There was a time when Christine Deutscher, BA'16 thought she wasn’t “college material.”
Though she did well academically in high school, the first-generation college student had a shaky start at IU Bloomington. She came home and enrolled at IU South Bend for a few semesters, but for a variety of reasons life led her in a different direction. She left school. Over the course of a decade Deutscher worked in a veterinary clinic and for the postal service. Then in 2014, walking a route in Walkerton in -14° temperatures, she thought, “If I can do this, then I can go back to school.”
Christine reached out to Professor Gail McGuire, whose courses in sociology and quantitative research she had enjoyed, for guidance on returning to college. After re-enrolling Christine thrived, meeting her goal to earn straight A’s and taking advantage of the high-impact practices IU South Bend offers, like conducting and presenting research, editing the Undergraduate Research Journal, and working at internships.
“I told myself, ‘If Dr. McGuire believes in me, maybe I can do it,’” she recalls. “I can’t say enough about her advisorship. I got involved because she brought me opportunities. It was really empowering.”
One of those internships was with Neighborhood Development Associates (NDA), an affordable housing consultancy that partners primarily with nonprofit community development organizations or municipalities to create new or maintain existing affordable housing throughout Indiana.
After Christine graduated, she and the owner of NDA, Anne Mannix, began discussing succession planning with an eye to transition ownership to Christine. In 2018 Deutscher signed a purchase agreement and assumed full ownership in January 2021."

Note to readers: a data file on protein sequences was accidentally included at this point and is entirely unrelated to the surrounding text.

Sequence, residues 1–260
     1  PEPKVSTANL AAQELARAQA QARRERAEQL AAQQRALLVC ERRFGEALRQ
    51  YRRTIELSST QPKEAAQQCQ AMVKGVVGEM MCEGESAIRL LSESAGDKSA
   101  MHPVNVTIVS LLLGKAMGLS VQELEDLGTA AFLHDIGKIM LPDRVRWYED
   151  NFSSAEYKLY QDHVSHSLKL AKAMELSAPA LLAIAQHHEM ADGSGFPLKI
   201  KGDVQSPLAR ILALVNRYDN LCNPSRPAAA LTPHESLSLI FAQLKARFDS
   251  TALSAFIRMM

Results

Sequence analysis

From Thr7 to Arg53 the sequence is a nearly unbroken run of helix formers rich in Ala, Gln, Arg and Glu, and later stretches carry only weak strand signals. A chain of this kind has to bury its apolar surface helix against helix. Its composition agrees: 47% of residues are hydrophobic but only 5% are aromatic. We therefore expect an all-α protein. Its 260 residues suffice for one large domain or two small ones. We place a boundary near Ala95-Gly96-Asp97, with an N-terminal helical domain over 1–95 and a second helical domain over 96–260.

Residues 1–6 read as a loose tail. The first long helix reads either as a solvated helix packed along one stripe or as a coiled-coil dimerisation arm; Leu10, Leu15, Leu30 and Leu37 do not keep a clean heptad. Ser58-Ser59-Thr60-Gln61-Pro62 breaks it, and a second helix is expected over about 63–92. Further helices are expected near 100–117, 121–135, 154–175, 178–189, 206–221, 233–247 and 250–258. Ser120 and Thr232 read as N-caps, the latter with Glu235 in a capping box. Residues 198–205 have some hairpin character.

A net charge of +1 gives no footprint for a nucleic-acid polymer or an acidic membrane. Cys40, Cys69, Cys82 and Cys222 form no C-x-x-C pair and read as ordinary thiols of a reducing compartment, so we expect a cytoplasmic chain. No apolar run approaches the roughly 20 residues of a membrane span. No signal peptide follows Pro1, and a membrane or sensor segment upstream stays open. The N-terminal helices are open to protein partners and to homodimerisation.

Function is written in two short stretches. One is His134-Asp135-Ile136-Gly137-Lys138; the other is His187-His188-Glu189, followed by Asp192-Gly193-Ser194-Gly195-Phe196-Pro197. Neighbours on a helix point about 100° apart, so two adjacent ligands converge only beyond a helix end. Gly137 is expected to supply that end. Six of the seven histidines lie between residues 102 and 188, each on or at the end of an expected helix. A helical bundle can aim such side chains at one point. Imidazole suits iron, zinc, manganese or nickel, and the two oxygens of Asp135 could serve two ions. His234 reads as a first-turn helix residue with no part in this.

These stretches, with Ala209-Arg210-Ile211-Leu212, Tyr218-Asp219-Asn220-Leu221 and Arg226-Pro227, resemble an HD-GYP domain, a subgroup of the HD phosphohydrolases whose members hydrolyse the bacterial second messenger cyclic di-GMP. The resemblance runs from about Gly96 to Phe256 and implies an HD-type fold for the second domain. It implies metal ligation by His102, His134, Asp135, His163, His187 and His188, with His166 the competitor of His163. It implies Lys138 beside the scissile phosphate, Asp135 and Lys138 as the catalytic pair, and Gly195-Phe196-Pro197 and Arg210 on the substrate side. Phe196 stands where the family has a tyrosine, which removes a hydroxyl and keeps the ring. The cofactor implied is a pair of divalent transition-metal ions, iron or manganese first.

“It’s wonderful, but terrifying,” she said. “I love being my own boss and putting my values into my work. It’s a cool niche, a lot of people don’t know how to do what we do.”
One of the first projects Deutscher started working on in 2017 recently came to fruition. Plymouth Permanent Supportive Housing— her first new construction project as NDA’s owner—opened in March. The 18-unit apartment building aims to support those struggling with homelessness.
Construction photos of Plymouth Permanent Supportive Housing (provided)
“They meet folks where they are,” said Christine. “Families or individuals can stay as long as they need to, but the goal is to get them employed and self-supportive.”
The building is owned by Garden Court, a non-profit organization that owns several housing communities. Residents receive" "mental health, parenting, and addiction support and case management from the nearby Bowen Center.
Christine says she views herself as the advocate for the owner and to get to the finish line, she helps them navigate the often-complicated world of applying for federal funding, extremely competitive low- income tax credits, and other grant funding. NDA recommends funding sources which will improve projects’ likelihood of success, helps with grant application preparation, administration, and compliance, and the many details that a complex construction project entails.
Neighborhood Development Associates works across Indiana, into Michigan, and could take on projects nationally. At this point Christine has one part-time employee" "and is considering hiring a full-time worker this summer. The prospect is daunting; she wants to compensate fairly like she was when starting out and knows that meeting payroll means someone’s livelihood is her responsibility. It’s all part of what makes owning a business simultaneously exhilarating and stressful.
Nevertheless, the risk she took is already paying off. The slow transition gave her some security and her income is growing. Recently she and Mannix began discussing collaborating on a real estate development and Duetscher just obtained a contract that will double what she made last year.
“I continue to be amazed at the doors that open because I went back to school,” she said. “It was a lot of pressure, but it showed me I can do this and that there are people who are willing to invest in me. Sometimes you need someone to remind you what you’re capable of.
“I’m like, ‘Whoa, is this my life?’”